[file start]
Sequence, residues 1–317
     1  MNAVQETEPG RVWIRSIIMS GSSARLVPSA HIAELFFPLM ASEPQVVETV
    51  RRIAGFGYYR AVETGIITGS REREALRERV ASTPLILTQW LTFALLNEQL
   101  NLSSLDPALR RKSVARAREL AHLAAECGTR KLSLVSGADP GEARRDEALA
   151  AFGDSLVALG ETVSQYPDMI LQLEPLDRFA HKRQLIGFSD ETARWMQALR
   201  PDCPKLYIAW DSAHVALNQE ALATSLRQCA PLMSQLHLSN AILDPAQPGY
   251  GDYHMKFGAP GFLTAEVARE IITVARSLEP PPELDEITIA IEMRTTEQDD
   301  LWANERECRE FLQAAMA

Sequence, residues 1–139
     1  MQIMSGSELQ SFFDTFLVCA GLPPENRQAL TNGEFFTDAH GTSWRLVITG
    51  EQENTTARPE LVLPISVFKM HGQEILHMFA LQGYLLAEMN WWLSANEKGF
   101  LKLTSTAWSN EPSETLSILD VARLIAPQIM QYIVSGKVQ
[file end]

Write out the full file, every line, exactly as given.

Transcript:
Sequence, residues 1–317
     1  MNAVQETEPG RVWIRSIIMS GSSARLVPSA HIAELFFPLM ASEPQVVETV
    51  RRIAGFGYYR AVETGIITGS REREALRERV ASTPLILTQW LTFALLNEQL
   101  NLSSLDPALR RKSVARAREL AHLAAECGTR KLSLVSGADP GEARRDEALA
   151  AFGDSLVALG ETVSQYPDMI LQLEPLDRFA HKRQLIGFSD ETARWMQALR
   201  PDCPKLYIAW DSAHVALNQE ALATSLRQCA PLMSQLHLSN AILDPAQPGY
   251  GDYHMKFGAP GFLTAEVARE IITVARSLEP PPELDEITIA IEMRTTEQDD
   301  LWANERECRE FLQAAMA

Sequence, residues 1–139
     1  MQIMSGSELQ SFFDTFLVCA GLPPENRQAL TNGEFFTDAH GTSWRLVITG
    51  EQENTTARPE LVLPISVFKM HGQEILHMFA LQGYLLAEMN WWLSANEKGF
   101  LKLTSTAWSN EPSETLSILD VARLIAPQIM QYIVSGKVQ